A good oral hygiene plays the most important role in taking care of your pearly whites. But to keep your teeth healthy for longer, you also have to do proper care and maintenance of one of the tools that helps you do so – your toothbrush.
Here are some general considerations on how to take care of your favorite oral hygiene buddy, as recommended by the American Dental Association (ADA).
NEVER Share Your Toothbrush with Anyone.
The oral cavity is loaded with millions of microorganisms that may potentially cause infections, both oral and systemic. And these could be transferred to your toothbrush during use.
Sharing your toothbrush with anyone results in the exchange of these microorganisms between users, putting everyone at risk for infections. But individuals with compromised or weakened immune systems or have existing infections are at greater risk.
Rinse Your Toothbrush Thoroughly After Every Use.
Rinse your toothbrush under running water after brushing to wash off any remaining toothpaste and other debris.
Some individuals soak their toothbrush in an antibacterial mouthwash, while others use commercially-available sanitizing solutions for toothbrushes. Both methods are acceptable. A dishwasher may also be used, but not for long periods.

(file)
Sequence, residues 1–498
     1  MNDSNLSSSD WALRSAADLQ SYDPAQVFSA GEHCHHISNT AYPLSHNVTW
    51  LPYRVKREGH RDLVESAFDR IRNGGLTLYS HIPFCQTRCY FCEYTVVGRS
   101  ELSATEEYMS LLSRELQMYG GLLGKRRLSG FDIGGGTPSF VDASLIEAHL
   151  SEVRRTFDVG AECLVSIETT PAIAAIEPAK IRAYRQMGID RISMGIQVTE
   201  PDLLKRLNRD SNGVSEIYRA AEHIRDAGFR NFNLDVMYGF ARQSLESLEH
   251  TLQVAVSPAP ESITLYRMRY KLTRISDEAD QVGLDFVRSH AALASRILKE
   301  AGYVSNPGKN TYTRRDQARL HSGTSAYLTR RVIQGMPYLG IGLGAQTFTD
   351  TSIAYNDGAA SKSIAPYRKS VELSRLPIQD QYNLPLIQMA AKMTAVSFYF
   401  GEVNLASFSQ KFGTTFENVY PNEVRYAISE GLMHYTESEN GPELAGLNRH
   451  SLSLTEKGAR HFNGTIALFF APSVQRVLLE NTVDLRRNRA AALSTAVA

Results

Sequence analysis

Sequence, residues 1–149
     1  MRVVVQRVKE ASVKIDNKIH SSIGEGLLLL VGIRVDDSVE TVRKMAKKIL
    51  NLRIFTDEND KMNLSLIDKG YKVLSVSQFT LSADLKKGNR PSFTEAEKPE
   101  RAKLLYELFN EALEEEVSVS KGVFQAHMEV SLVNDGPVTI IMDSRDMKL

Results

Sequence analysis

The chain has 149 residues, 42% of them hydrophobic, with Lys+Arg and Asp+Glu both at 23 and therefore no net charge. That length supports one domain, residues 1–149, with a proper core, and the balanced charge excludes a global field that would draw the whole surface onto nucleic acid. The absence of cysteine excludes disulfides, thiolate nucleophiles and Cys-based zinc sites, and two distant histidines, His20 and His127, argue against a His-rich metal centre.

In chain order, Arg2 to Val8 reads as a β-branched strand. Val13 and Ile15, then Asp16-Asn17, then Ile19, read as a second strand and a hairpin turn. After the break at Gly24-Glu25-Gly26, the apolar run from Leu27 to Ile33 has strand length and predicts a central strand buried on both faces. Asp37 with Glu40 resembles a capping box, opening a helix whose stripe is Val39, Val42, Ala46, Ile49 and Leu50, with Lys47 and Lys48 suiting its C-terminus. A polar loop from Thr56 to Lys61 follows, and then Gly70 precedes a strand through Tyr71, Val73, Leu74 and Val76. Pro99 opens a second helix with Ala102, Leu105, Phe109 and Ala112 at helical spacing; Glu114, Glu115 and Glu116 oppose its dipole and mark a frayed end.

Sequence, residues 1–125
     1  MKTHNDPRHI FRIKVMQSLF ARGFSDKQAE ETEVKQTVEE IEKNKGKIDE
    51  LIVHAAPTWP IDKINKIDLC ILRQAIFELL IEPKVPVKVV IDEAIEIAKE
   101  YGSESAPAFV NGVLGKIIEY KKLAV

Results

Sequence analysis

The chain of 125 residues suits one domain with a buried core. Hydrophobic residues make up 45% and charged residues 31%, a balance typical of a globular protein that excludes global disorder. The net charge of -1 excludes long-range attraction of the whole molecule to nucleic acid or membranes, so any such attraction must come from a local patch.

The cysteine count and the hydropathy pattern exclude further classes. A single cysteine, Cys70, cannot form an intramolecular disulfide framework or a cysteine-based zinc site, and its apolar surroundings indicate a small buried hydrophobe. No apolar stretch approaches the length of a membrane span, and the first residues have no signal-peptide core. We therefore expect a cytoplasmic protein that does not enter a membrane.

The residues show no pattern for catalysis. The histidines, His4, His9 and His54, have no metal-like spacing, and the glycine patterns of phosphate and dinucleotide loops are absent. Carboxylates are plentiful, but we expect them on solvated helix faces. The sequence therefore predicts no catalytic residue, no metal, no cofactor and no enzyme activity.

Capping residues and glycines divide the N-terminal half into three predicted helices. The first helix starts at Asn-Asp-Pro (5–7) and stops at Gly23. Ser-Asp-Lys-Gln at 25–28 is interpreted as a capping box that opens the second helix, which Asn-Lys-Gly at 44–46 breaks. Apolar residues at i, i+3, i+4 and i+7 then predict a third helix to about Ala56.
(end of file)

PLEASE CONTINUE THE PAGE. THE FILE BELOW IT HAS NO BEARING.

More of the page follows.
Allow Your Toothbrush to air-dry After Rinsing.
Put your toothbrush in an upright position and let it air-dry until your next use. If two or more toothbrushes are stored in the same holder, keep them apart to prevent cross-contamination.
Avoid storing your toothbrush in closed containers. A closed container provides moist environment which is conducive for growth of microorganisms.
Use Proper Brushing Techniques.
How well you care for your toothbrush is just as important as the care you give your teeth. When you brush, do it gently using short strokes instead of long, hard strokes. Vigorous brushing makes the bristles get worn easily.
Replace Your Toothbrush Every 3 to 4 Months.
Even if you follow all the tips given above, they would still be useless if you don’t replace your toothbrush on a regular basis.
The ADA recommends getting a new toothbrush every 3 to 4 months or as soon as the bristles start to look worn and discolored from everyday use. Worn toothbrushes clean much less effectively, particularly on areas where plaque accumulates the most – underneath the gums and in between the teeth.
Now, the rates at which toothbrushes wear out depend on factors unique to every individual.
Check your toothbrush regularly, look out for signs of wear, and replace as needed. Even if you don’t see any obvious signs of wear and tear, you still need to change your toothbrush regularly because they often have microorganisms which can build up to significant levels over time.
Children’s toothbrushes may need to be replaced more frequently than adult brushes. Also, you may have to replace your toothbrush much sooner if you get colds or other viral infection.
But no matter how often you get a new toothbrush, replacing them ensures that you have a clean, efficient brush that will optimally clean your teeth and provide you with a healthy smile for life.